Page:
Freedom of Information Act

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Concept.png Freedom of Information Act 
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Interest of• MuckRock News
• Caitlin Russell
• Ryan Shapiro

There are different Freedom of Information Act(s) by jurisdiction.[1] Different deep states have evolved different ways of dealing with them.[citation needed]

United States

The Freedom of Information Act is a federal freedom of information law that requires the full or partial disclosure of previously unreleased information and documents controlled by the United States government upon request.[2]

CIA

In the US, the CIA claims the right to refuse to release classified documents it had previously "leaked" to journalists.[3]

Ryan Shapiro

Ryan Shapiro is regarded by the U.S. Department of Justice (DOJ) as the "most prolific" FOIA requester. His work helped expose the Dallas occupy plot.

United Kindom

The Freedom of Information Act 2000 is an Act of the Parliament of the United Kingdom that creates a public "right of access" to information held by public authorities.[4]

“It appears that Freedom of Information (hereinafter FOI) laws have never been loved by their parents. When US President Lyndon Johnson signed the world's first FOI Act into law in 1966, he was so keen not to be associated with it that – uniquely among modern Presidential enactions – there was no photographer present to capture the historic moment. It is fitting that Britain's Prime Minister Tony Blair, who gave the UK its own FOI Act, has since attempted to disassociate himself from the law he presented to the Queen for Royal Assent in 2000.”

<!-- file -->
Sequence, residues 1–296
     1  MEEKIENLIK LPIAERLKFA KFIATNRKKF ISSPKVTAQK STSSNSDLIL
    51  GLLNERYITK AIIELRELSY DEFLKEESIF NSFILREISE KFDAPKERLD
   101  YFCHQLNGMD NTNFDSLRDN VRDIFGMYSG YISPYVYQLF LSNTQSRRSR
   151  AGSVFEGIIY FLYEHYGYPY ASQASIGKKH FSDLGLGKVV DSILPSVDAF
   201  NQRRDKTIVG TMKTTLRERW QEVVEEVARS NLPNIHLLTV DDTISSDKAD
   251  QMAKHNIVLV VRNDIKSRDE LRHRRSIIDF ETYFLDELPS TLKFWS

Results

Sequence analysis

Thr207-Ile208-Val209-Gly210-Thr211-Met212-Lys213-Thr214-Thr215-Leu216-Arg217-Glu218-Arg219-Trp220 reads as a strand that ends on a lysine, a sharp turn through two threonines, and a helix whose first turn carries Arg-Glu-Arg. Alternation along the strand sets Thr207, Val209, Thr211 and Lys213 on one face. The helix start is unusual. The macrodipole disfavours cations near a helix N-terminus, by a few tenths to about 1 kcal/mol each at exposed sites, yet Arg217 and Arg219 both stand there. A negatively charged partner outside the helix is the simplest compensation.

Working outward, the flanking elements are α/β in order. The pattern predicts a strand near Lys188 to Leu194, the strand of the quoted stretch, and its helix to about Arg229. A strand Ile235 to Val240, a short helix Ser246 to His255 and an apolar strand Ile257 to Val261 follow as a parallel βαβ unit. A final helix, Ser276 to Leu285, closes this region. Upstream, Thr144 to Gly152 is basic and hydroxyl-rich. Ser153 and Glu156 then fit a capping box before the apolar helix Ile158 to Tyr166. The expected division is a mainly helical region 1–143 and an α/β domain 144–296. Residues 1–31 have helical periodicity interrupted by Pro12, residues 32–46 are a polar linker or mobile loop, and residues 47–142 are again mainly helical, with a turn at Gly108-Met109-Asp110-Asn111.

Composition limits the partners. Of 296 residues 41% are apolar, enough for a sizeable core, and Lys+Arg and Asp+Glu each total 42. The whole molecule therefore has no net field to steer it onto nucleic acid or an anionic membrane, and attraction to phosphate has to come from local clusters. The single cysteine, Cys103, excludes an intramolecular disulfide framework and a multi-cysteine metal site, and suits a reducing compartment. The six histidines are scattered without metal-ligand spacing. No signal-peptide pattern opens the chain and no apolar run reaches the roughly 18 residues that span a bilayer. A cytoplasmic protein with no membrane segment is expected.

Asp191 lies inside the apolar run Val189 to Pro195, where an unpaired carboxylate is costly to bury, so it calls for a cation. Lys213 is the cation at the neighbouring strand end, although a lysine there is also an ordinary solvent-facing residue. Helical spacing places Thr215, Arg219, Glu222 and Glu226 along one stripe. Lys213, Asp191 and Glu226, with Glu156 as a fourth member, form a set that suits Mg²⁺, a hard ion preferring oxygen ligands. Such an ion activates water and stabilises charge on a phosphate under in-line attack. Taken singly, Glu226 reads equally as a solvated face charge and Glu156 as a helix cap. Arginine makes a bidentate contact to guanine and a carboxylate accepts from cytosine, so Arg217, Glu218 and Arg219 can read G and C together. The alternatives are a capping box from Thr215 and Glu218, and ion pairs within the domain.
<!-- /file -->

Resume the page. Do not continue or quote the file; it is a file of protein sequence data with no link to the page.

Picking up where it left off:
Garrick Alder (2017)  The British state’s failed attempt to kill off the Freedom of Information Act [5]

"Freedom of Information (FOI) requests are supposed to be ‘applicant-blind’: meaning who makes the request should not matter. But it now emerges that government departments and non-departmental public bodies have been referring ‘sensitive’ FOI requests from journalists and researchers to the Clearing House in Gove’s department in a move described by a shadow cabinet minister as “blacklisting”."[6]

Australia

In Australia, the Freedom of Information Act 1982 was passed at the federal level in 1982, applying to all "ministers, departments and public authorities" of the Commonwealth. The act was amended in 2010 under the Rudd Government, establishing the government office of the information commissioner, to further promote freedom of information.[7]


 

Examples

Page nameDescription
Freedom of Information Act 2000
US/Freedom of Information Act
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References